Based on the IT journey of Michael Rickert

Building your own CoreIR transponder

Creating your own CoreIR transponder from off-the-shelf components…

coreirlogosmallWhat you’ll need:


Got all that? Great, let’s get started!


First, cut the wiring on your two LEDs like seen below, if you look closely, you should see two sets of notches on your led wires, the second set (further from the led itself) is where you want to cut with scissors. You’ll also want to bend the side that has the ‘smaller’ filliment inside the led bulb (we call that the anode) about 90 degrees out, why will be clear later on:














Next we take the 4S balance connector and cut off the back pins as close as we can to the plastic case, this will help keep potential shorts from occurring as we put everything together later on.




Ok, so we prepped our LEDs and our balance connector, lets prepare the transistor next. place the transistor so that the flat side is facing *up* and the ‘legs’ are facing tward you, then take the leg all the way to the right and bend it back tward the transistor until its flush with the plastic housing, creating an L shape, as seen below. You’ll also want to trim this bent leg a bit, so that it only has at most a few mm extending from the plastic transistor housing.













This next step is optional, but it’ll give you a much better end result… ‘tin’ (that is, put some flux and then solder on to) the pins on the arduino we’ll be using later. Pin 5, all ground pins, vcc, and raw.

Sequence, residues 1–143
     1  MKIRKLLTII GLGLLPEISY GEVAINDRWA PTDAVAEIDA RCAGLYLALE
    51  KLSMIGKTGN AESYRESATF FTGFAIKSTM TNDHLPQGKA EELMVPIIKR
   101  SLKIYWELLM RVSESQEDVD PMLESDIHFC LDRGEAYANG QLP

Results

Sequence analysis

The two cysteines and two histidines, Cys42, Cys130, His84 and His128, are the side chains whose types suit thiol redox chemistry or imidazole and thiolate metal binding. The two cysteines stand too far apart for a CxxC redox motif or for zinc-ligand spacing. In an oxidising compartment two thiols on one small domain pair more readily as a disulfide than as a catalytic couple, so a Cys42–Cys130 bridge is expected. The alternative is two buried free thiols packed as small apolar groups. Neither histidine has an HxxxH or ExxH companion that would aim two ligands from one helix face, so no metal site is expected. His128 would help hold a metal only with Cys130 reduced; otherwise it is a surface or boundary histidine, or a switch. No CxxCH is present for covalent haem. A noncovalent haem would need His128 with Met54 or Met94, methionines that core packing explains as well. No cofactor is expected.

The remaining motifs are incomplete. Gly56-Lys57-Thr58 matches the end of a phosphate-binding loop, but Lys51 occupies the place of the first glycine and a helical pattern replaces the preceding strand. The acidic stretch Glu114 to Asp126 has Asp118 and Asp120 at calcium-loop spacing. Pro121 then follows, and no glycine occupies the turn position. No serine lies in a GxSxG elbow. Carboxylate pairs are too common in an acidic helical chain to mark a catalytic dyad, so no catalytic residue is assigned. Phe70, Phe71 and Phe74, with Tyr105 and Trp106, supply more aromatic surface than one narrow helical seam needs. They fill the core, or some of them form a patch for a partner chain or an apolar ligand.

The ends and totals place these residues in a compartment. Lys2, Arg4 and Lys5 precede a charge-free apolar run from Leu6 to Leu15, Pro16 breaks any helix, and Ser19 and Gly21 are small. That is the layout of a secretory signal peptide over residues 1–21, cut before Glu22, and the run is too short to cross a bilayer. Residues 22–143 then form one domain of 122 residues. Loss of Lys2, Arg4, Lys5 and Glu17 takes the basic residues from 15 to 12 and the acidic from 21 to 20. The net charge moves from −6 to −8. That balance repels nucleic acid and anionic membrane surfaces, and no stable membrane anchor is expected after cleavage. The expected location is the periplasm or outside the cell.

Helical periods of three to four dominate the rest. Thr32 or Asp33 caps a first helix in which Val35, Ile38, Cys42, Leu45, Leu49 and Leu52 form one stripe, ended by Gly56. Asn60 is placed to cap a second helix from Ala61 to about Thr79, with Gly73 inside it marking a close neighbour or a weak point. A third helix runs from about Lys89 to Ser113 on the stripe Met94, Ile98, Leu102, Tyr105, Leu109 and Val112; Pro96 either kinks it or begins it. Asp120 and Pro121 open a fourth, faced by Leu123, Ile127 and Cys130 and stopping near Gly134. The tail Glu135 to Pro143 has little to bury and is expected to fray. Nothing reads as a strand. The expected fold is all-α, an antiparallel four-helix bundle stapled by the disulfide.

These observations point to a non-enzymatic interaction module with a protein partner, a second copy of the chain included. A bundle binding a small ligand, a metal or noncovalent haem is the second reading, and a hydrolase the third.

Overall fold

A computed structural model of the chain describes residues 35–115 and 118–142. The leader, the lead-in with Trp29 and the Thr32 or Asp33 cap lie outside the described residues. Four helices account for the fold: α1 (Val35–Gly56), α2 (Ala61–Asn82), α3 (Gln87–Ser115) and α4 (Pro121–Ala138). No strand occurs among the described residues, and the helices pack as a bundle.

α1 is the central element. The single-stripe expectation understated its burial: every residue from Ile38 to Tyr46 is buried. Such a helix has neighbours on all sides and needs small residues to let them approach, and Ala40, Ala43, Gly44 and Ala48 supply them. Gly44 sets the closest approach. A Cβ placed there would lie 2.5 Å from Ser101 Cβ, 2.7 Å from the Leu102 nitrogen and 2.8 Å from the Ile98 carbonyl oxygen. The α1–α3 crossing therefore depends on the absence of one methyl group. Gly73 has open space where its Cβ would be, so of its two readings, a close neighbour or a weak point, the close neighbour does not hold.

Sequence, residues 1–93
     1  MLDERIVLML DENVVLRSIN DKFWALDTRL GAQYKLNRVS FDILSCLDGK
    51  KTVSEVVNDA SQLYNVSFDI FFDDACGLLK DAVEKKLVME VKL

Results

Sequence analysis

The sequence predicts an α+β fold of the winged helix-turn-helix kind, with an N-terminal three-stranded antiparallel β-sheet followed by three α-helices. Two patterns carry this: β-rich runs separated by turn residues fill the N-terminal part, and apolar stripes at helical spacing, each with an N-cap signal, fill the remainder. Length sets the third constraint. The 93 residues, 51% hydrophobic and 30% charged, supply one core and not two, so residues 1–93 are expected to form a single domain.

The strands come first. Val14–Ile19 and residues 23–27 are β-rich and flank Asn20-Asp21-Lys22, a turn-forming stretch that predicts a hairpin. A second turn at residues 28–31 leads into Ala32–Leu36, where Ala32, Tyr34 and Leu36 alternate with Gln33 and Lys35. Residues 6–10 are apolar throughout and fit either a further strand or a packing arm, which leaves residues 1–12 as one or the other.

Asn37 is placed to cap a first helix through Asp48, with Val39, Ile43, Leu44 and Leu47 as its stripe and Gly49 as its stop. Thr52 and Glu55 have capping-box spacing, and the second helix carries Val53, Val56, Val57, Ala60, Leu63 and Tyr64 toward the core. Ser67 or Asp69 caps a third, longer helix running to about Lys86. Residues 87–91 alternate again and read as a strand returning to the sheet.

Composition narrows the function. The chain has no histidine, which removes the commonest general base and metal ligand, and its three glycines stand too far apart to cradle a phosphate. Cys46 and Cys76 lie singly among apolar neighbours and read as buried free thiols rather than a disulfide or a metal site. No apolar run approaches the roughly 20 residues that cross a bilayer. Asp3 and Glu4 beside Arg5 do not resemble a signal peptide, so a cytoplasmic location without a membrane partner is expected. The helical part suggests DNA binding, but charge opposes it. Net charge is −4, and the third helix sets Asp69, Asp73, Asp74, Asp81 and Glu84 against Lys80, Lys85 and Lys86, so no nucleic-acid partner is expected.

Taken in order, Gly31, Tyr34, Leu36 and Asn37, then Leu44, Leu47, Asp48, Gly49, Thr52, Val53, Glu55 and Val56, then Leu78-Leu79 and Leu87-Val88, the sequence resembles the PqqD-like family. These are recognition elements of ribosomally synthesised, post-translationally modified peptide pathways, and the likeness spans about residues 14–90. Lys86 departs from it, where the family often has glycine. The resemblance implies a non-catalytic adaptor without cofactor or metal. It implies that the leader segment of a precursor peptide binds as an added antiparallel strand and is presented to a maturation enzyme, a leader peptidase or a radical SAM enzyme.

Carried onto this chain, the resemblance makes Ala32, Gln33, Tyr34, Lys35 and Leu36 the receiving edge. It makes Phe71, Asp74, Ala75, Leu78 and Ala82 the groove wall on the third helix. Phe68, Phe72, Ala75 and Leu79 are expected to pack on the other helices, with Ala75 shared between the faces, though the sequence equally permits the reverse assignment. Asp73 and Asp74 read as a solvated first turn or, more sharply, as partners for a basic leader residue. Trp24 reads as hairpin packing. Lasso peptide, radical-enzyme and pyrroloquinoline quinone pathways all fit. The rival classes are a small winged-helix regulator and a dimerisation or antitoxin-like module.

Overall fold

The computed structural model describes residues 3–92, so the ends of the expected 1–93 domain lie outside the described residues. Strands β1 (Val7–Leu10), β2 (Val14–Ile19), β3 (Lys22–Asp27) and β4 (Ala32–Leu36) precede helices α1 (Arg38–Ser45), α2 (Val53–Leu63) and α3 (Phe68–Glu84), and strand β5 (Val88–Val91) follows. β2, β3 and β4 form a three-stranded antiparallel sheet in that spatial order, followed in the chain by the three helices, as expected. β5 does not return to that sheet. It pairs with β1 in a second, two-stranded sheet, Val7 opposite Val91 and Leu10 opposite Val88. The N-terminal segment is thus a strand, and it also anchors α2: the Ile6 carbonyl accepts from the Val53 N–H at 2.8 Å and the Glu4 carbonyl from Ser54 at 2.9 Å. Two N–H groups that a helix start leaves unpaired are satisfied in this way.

Got it? Good! Keep that soldering iron nice and hot, and solder the 9.1ohm resistor (either direction, there is no wrong way) onto the VCC pin, while propping it up against the orange chip, the lower you can go here, the flatter your end result (transponder) will appear. Be sure not to touch the reset or A3 pins though!













So far so good, now its time to install the transistor we previously prepped. With the flat side still facing upwards, solder the leftmost leg to ground, and the middle leg to the 5 pin before bending the transistor down flat against the Arduino (but don’t touch any metal bits with those legs):














Remember that wire I made you buy, here’s where it goes… Attach two wires, one to RAW and one to GND, and make sure they are long enough to just come past the far end of the board (the end without the usb connector). Be sure to keep track of which goes where if you use the same color wire for both pins!










This next part may seem silly, but trust me, it matters. Place a small strip of electrical (or other kind, I prefer electrical) tape to the top of the usb connector, this will shield it from the wiring we will be soon placing on top of it, preventing shorts.











Nice! Things are going to start looking like a transponder soon… Now lets solder our first LED onto the board. You’ll want the anode (that’s the bit you bent outward, the smaller wire inside the led bulb side) to get soldered to the top of the resistor, while the cathode (the straight bit) to lay flat against the tape we just placed down. Aim the LED out at a 90deg angle as best you can for best results, and also note that the closer to the usb connector you get, the more crash resistant your transponder will be.












One more time… Now we attach the second LED in a similar fashion. Cathode to cathode and anode to anode, creating a triangle of awesome led power. Be careful here not to break your led’s off of your resistor, that solder point can get a bit fragile until we’re all done.











More silicone wire time! Take a very small amount of wire and solder the cathodes (the straight led pins at the top of the board) to the transistor (the black square thing with three legs). Be sure not to have the exposed parts of the wire touch anything else, as I know things are getting a bit cramped for space by now…